Is Oxford AstraZeneca vaccine safe? All your questions answered

EU: Former health secretary grilled on stored vaccine doses

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Covid vaccinations are continuing around the world, and are the key to resuming normal life, easing lockdown restrictions and preventing further deaths. There are a number of vaccinations in circulation, but concerns have been mounting over the Oxford AstraZeneca vaccine – with several cases of blood clots reported.

Britain’s medicines regulator has said there had been five cases of a rare type of blood clot in the brain among 11 million given AstraZeneca’s COVID-19 vaccine but said that it found the benefits of the shot far outweighed any possible risks.

In total five men in the UK have suffered an “extremely rare” blood clot problem after having the AstraZeneca coronavirus vaccine, though no causal link with the jab has been established, the medicines regulator has said.

The men, aged 19 to 59, have experienced a specific type of blood clot in the brain together with low blood platelet count. One of the five has since died.

There are no details yet on whether any of them had underlying health conditions.

Read More: Is there a vaccine shortage in the UK? Did the EU cause it?

The Medicines and Healthcare products Regulatory Agency (MHRA) said it was looking at the reports but stressed the events were “extremely rare” and there was a possibility they could have been caused by Covid itself.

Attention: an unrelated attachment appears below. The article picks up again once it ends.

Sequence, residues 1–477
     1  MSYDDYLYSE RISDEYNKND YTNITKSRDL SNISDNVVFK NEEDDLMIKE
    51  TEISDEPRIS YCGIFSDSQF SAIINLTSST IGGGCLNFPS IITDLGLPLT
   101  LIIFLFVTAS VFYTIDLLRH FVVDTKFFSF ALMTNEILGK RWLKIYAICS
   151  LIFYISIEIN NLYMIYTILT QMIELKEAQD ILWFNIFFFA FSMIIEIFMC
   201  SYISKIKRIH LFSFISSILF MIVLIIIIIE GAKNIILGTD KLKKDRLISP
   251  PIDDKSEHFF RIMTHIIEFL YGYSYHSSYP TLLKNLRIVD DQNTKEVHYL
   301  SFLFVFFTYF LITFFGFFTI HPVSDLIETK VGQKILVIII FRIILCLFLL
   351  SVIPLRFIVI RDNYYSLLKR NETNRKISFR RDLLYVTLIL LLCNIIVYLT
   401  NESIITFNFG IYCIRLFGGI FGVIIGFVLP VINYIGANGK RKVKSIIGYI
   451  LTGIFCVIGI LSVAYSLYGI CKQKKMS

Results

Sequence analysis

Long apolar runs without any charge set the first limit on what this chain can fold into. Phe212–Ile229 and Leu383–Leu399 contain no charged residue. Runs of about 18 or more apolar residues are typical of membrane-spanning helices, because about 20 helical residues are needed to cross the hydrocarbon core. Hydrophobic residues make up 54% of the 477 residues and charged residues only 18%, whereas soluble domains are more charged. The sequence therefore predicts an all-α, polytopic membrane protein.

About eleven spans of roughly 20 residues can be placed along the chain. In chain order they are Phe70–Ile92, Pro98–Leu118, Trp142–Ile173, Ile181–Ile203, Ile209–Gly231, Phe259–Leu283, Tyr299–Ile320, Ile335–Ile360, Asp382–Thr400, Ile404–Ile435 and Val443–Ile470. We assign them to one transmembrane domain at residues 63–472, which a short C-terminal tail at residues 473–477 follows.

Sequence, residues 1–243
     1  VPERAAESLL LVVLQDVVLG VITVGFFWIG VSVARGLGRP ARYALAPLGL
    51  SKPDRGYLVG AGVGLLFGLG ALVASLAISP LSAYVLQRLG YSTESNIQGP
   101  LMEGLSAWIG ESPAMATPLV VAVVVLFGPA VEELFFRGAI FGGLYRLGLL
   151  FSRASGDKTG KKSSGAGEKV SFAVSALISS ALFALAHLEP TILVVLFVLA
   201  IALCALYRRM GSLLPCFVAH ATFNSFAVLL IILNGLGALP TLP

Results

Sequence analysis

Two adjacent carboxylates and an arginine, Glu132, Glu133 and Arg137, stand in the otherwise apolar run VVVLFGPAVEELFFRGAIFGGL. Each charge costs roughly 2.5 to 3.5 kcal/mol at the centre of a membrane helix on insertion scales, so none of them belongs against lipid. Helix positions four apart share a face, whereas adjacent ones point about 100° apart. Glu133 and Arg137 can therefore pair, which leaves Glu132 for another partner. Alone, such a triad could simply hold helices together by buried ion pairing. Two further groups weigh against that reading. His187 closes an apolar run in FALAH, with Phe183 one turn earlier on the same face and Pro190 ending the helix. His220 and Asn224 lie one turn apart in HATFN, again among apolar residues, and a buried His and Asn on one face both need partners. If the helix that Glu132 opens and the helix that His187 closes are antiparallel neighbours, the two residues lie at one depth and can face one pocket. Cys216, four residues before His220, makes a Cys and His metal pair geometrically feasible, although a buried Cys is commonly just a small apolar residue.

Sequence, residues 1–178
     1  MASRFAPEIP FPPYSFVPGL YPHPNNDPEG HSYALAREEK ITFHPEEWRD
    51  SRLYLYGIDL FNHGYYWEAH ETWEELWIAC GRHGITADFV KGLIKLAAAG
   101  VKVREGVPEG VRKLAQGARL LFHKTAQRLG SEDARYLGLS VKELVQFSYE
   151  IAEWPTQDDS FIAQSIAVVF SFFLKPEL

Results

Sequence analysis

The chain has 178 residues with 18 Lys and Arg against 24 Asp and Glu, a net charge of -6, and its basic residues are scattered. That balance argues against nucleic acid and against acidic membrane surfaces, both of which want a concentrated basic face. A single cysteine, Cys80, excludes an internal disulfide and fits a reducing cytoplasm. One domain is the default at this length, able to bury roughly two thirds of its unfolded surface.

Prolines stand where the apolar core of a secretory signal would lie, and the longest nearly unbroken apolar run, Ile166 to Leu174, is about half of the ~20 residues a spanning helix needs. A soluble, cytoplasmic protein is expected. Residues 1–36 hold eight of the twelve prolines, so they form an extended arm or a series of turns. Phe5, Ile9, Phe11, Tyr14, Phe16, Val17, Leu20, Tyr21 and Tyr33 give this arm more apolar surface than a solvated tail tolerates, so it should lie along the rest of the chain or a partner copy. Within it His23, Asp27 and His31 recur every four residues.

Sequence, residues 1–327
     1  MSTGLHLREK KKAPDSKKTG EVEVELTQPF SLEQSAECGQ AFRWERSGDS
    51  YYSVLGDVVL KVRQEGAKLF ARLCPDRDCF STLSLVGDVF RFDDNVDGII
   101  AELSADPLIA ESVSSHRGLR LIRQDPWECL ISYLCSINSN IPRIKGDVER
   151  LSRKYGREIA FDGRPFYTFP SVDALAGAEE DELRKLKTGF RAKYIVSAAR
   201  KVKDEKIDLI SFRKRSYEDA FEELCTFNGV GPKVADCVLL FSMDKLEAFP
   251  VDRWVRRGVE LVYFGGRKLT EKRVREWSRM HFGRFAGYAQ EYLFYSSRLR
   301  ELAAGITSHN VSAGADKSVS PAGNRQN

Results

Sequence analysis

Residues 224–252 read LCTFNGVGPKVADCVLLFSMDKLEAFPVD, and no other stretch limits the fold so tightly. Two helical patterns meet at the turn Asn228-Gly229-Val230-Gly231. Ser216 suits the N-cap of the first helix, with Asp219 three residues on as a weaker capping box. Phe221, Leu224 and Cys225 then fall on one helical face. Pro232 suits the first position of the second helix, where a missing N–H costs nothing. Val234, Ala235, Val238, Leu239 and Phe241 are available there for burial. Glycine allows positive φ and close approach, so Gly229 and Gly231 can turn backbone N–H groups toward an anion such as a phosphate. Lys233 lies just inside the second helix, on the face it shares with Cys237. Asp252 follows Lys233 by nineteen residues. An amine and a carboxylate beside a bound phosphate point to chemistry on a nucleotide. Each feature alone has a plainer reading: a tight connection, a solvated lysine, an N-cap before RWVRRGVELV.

The MHRA said the cases represented a less than one-in-a-million chance of suffering this type of clot among those who have been vaccinated, while the risk of dying from Covid aged 40 to 49 is one in 1,000.

Is Oxford AstraZeneca vaccine safe?

Concerns about reports of blood clots, along with low platelet levels, have led some European countries including Germany to pause the rollout of the shot.

Britain’s Medicines and Healthcare products Regulatory Agency (MHRA) said use of the vaccine should continue while five reports were investigated, and one official said that the rollout would likely continue even if a link was proved.

June Raine, MHRA Chief Executive, referring to AstraZeneca and Pfizer shots said: “There is no evidence that blood clots in veins is occurring more than would be expected in the absence of vaccination, for either vaccine.”

Now The European Medicines Agency (EMA) has said the Oxford/AstraZeneca jab is a “safe and effective vaccine”.

The EMA executive director Emer Cooke announced this news at a press conference today.

The EMA said the benefits of the AstraZeneca coronavirus vaccine “outweigh the possible risks”.

Ms Cooke told a press briefing: “The committee has come to a clear scientific conclusion.

“This is a safe and effective vaccine. Its benefits in protecting people from Covid-19, with the associated risks of death and hospitalisation, outweigh the possible risks.

“The committee also concluded that the vaccine is not associated with an increase in the overall risk of thromboembolic events, or blood clots.”

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